Guardians of the Galaxy

Written by James Gunn and Nicole Perlman
Directed by James Gunn
Based on Guardians of the Galaxy by Dan Abnett and Andy Lanning
Marvel Studios, 2014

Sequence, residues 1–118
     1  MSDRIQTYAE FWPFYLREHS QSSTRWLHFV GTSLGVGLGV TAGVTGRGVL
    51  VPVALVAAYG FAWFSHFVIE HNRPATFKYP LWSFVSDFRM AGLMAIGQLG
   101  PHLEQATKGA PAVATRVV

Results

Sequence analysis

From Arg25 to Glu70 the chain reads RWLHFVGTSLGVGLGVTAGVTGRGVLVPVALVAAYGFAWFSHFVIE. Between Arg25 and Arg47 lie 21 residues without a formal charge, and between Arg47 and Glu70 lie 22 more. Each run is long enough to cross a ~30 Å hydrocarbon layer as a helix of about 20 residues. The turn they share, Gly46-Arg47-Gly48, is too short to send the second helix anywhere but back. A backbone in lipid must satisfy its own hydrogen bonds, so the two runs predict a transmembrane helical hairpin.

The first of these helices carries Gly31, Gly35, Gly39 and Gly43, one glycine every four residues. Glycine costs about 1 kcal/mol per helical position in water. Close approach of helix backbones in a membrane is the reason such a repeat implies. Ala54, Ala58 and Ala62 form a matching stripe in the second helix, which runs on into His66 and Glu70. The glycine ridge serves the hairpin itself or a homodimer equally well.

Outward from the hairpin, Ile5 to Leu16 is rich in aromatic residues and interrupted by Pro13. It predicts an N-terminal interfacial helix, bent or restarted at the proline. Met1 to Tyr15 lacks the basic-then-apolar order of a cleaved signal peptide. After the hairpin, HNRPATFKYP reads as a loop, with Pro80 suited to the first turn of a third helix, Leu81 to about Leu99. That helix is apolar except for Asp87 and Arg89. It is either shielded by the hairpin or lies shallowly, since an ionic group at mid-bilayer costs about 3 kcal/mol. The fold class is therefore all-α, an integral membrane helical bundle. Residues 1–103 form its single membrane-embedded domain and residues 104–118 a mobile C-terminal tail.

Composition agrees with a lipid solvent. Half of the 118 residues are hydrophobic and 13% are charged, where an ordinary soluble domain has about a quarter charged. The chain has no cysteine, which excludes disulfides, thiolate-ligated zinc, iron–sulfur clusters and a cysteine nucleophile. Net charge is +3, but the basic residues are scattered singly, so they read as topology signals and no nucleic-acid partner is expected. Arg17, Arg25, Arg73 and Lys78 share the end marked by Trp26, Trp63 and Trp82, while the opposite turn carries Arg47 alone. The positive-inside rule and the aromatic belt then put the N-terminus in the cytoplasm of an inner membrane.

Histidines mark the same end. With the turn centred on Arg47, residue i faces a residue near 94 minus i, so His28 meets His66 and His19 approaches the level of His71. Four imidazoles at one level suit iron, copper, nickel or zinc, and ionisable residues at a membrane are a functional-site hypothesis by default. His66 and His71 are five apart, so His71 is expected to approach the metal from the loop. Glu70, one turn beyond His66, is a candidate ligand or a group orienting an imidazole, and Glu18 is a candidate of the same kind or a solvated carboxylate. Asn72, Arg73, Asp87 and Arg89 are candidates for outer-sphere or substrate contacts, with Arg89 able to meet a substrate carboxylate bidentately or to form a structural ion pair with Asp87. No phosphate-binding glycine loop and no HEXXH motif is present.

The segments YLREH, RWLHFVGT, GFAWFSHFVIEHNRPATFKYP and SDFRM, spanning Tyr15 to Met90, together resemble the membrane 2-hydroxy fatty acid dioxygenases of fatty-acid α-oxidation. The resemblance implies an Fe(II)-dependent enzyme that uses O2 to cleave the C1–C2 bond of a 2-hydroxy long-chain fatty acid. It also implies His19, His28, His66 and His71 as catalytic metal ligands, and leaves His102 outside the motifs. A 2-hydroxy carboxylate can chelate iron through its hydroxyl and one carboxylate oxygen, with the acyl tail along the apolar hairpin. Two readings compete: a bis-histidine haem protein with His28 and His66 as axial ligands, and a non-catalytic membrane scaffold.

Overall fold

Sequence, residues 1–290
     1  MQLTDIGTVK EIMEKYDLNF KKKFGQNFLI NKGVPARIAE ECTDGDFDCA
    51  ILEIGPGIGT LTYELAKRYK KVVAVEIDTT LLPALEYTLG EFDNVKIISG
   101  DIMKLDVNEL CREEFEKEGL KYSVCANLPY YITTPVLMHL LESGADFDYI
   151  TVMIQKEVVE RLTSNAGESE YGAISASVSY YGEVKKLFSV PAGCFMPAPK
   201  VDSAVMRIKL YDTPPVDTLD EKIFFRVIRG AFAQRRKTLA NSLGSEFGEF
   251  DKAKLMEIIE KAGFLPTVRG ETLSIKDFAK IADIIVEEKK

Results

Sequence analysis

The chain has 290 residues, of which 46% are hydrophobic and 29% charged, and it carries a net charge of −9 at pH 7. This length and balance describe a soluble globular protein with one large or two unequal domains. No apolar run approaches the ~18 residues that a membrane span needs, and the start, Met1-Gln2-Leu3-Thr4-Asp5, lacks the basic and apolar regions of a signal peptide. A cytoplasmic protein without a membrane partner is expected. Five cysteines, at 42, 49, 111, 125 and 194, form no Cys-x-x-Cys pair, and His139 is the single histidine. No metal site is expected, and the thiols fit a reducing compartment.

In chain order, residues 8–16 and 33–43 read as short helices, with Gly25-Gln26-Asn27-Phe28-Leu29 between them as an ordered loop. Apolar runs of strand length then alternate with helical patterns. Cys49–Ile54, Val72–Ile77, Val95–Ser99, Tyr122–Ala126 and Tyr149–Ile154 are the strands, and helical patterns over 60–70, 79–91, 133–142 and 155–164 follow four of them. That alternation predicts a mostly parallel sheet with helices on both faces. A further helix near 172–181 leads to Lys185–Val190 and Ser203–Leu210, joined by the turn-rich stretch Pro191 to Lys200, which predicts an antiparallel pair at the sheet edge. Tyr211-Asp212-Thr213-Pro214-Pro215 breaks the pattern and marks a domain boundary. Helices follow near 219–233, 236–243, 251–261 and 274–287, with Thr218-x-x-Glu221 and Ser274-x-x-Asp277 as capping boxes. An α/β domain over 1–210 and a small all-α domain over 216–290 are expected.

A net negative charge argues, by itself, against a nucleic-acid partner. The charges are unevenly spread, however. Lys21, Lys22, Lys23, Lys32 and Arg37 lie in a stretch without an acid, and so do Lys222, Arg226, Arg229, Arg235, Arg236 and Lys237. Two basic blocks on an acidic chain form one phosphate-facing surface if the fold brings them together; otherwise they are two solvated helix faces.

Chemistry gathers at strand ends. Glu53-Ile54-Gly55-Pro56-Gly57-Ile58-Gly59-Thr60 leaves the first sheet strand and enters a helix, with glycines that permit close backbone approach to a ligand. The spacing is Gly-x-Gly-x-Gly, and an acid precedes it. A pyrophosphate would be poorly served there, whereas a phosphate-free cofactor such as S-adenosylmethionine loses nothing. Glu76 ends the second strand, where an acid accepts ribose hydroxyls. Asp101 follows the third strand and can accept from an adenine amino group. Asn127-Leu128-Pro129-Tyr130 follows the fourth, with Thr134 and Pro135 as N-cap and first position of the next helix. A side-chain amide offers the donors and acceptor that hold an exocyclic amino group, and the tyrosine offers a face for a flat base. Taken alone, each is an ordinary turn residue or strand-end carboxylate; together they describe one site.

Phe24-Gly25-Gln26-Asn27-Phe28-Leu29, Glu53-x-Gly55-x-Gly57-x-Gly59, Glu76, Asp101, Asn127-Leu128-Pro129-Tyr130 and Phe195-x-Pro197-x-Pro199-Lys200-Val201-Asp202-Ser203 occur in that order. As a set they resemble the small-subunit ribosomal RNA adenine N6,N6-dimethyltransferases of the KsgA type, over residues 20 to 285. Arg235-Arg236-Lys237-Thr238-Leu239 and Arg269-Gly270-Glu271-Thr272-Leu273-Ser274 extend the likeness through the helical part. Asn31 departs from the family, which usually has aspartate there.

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Formerly the black sheep of the film world, science fiction was long considered simply an outlet for puerile impulses despite the mature social commentary of War of the Worlds (1953) and The Day the Earth Stood Still (1951) and the grand art experimentation of 2001: A Space Odyssey (1968). The new millennium has enjoyed a renaissance of thinking when it comes to sci-fi, which now competes with medieval fantasy for the crown of most influential genre in film and television. But with great success often comes great misunderstanding. The overt seriousness of so many sci-fi films has undermined their former strength. In having to prove themselves against the suspicion that they were without value, science fiction writers and directors subverted and largely coveted their disadvantages. Seriousness was masked by shtick, statement by theatrics, as if to say: I dare you to enjoy me. In a genre that has become tired at a shocking pace, there has never been a greater need for humor and self-awareness. Almost inexplicably, a fantastic, fun and funny film came to rescue a genre that, like a king soon to be betrayed, was in desperate need of some new ideas. That film was Guardians of the Galaxy. Continue reading